How might this definition of “probability” look in practice? At first blush, one might be tempted to say probability means awareness of a probability of events as they actually transpired in the crime at issue. So, the accomplice would need to supply AK-47s in the awareness that they would probably lead to baby A’s death, at 3:34pm on a Thursday, when troops use the AK-47s to open fired on an undefended civilian shelter. When this actually transpires, the accomplice is guilty (assuming all other aspects of the offence are satisfied). Nevertheless, we should be careful to avoid prescribing a test that is so pedantic as to exclude unimportant moral variations—what if baby A died two minutes later than foreseen, at 3:36pm? Surely, the variation changes nothing. So, the real question the Appeals Chamber should have discussed is what degree of precision “probability” connotes. This question, by no small coincidence, overlaps with the approach that courts in the United States, France, Germany and England adopt in evaluating such problems (see here, fn 143).
In appropriate circumstances, the Appeals Chamber could also find that providing the means used to commit atrocities was justified. In a famous English case called Gillick, the House of Lords was asked to consider whether doctors providing contraceptive advice to juveniles became complicit in statutory rape, even though their motives were laudable, namely to prevent sexually transmitted diseases and unwanted pregnancies. Like the ICTY Appeals Chamber in Perišić, the House of Lords contorted the mental element requisite for complicity in order to exonerate the doctors, but leading British scholars, from Andrew Ashworth to David Ormerod, have forcefully argued that this type of assistance should be treated as a justification, instead of allowing broad intuitions about guilt or innocence to corrupt the basic concept of complicity. Unfortunately, by overlooking this option, the Appeals Chamber appears to have done just this in the international sphere.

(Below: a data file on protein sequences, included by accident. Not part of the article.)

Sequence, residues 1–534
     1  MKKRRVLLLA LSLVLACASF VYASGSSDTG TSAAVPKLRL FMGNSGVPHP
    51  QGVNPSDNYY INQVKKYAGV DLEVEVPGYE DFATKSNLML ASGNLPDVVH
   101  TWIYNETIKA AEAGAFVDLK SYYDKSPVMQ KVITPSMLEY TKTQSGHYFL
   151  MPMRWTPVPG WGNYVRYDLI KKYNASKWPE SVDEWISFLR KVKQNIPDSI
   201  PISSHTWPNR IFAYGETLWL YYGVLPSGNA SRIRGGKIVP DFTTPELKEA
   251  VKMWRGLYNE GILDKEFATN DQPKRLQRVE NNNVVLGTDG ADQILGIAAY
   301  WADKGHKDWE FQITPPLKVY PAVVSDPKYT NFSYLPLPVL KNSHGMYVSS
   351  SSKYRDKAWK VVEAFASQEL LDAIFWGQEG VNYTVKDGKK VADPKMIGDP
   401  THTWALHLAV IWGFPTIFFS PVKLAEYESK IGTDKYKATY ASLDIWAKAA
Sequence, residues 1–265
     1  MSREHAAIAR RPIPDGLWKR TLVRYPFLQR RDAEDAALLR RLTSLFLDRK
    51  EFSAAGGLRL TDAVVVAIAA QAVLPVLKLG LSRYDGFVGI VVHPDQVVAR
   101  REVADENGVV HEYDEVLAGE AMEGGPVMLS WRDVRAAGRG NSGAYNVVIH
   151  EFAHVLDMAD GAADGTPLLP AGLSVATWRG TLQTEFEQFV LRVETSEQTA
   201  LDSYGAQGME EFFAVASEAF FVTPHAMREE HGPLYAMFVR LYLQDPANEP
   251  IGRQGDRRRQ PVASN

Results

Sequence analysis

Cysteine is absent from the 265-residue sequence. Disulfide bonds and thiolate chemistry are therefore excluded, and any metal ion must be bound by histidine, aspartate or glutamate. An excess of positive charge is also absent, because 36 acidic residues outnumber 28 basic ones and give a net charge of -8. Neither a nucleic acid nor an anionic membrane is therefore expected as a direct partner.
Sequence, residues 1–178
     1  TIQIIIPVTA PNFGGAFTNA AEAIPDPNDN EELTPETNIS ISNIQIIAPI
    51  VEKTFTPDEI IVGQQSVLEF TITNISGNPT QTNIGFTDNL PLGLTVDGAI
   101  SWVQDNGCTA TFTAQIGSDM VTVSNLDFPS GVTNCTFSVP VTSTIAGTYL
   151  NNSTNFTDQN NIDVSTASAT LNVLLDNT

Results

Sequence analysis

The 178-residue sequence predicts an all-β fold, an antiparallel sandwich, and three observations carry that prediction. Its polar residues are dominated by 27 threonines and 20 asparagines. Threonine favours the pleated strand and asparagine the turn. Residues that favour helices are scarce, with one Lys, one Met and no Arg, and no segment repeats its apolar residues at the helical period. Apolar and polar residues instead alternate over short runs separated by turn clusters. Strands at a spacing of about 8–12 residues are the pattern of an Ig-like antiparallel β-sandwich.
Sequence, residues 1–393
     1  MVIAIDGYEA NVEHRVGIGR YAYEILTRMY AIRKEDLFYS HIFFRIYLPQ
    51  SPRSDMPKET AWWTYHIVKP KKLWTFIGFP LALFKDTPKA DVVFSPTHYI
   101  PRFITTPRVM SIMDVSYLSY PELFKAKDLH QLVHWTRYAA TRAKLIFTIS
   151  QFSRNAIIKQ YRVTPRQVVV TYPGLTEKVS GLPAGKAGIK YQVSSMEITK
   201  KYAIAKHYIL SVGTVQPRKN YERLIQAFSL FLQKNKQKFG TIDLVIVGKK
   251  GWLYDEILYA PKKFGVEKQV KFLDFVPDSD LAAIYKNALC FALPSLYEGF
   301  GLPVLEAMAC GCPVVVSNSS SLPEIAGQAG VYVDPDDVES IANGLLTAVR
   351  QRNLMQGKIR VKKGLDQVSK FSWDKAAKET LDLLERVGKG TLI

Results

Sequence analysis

Finally, if all this still seems inadequate, the Appeals Chamber could also limit the application of reckless complicity to situations when recklessness would suffice for perpetration of the crime with which the accomplice will be convicted. To make this idea concrete, Perišić could be convicted as an accomplice of all of the crimes for which recklessness was sufficient for perpetration, but not persecution as a crime against humanity, since this latter requires a special purpose to discriminate that is not satisfied by a showing of mere recklessness. For all the other crimes, recklessness would suffice for perpetration, so why treat the accomplice any differently? As one prominent American theorist has suggested, using reckless as a standard for complicity where recklessness suffices for the crime in question would not imperil an individual’s autonomy or chill normal social interchange any more than reckless perpetration already does (see here, p 42). There are also good reasons why this point is especially true internationally.